Abu Simbel, Egypt

For Ramses II


The Abu Simbel, religious monument, is located in Southern Egypt. More specifically, it is along the West Bank of Lake Nassar. Even more specifically, it is located 230 k.m. southwest of Aswan.


This giant monument is roughly 1500x1800 meters. It is dedicated to the sky gods.As you can see, there are 4 statues representing Ramses in various forms. On October 22nd, as well as February 22nd, sunlight sneaks into the monument and illuminates the four statues.

At the front of the temple we see four giant figures. Each one stands roughly twenty meters in height, with exception to the one with the missing head. If look closely, to the right and left of Ramses's feet we see much smaller figures, which represent his wife and offspring. After time passed the temple becomes completely covered in sand until it is redidscovered in 1813.



In 1284 B.C. construction began on the beautiful monument. It was ordered by Ramses II and dedicated to the sun gods. It took twenty years to build. It was then completely covered in sand, until it was rediscovered in 1813 by J.L. Burckhard. Later he explored it in 1817, and then "borrowed" things from the sacred temple.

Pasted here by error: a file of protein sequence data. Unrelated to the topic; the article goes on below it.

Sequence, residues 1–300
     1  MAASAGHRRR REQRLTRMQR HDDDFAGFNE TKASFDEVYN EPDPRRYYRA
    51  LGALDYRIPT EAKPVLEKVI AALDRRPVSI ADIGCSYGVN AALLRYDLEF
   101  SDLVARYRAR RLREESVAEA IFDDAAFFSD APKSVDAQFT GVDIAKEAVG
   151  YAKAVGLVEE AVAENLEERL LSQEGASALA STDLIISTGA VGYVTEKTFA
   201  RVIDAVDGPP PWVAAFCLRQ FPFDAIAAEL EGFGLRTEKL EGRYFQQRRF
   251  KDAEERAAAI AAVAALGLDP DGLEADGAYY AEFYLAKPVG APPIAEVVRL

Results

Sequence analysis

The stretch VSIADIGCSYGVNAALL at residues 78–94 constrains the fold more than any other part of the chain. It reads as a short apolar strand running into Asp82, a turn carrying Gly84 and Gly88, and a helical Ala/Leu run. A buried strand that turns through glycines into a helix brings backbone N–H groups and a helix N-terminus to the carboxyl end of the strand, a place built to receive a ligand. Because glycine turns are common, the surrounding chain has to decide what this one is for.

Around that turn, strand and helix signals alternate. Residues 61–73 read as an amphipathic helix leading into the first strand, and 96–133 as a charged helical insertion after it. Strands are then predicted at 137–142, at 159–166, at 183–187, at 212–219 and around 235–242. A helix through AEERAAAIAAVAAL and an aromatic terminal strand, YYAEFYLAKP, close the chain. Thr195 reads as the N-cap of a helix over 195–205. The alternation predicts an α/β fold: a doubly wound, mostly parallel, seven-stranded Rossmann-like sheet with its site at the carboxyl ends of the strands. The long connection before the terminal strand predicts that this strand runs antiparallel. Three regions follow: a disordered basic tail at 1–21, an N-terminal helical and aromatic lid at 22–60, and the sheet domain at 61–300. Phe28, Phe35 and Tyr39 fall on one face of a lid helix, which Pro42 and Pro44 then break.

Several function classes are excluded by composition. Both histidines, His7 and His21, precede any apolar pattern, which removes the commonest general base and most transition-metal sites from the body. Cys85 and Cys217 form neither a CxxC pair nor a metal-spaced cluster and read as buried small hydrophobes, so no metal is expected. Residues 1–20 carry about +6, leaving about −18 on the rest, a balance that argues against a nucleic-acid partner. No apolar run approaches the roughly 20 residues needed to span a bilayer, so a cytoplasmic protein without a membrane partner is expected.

Duirng the great years of the 1960s the great temple was at risk from the Aswan dam that was being built. To resolve this problem a porject started to help save the religious monument. Their idea invovled relocating the entire temple, which consisted of 16000+ blocks.


The People that Consider this Place Sacred

The vast tempel most important because it is dedicated to their gods, Aman, Harmarcus, and Pacracus. But mainly represented Ramses II, who's four statues are the main highlight of the front. The Ancient Egyptians consider the Abu Simbel very sacred. it represents their sun gods, and it was dedicated to their long dead pharaoh, Ramses. Infact, they call it "Temple of Ramesses, beloved by Amun." It was built to help remind the Egyptian's of their religion and to help Ramse's show his might to the Nubian people.

You see the Egyptains were not afriad of their polythesic gods, but they were constantly offering things. Their pharoah was believed to somehow be related to the gods, but not exactly one of them.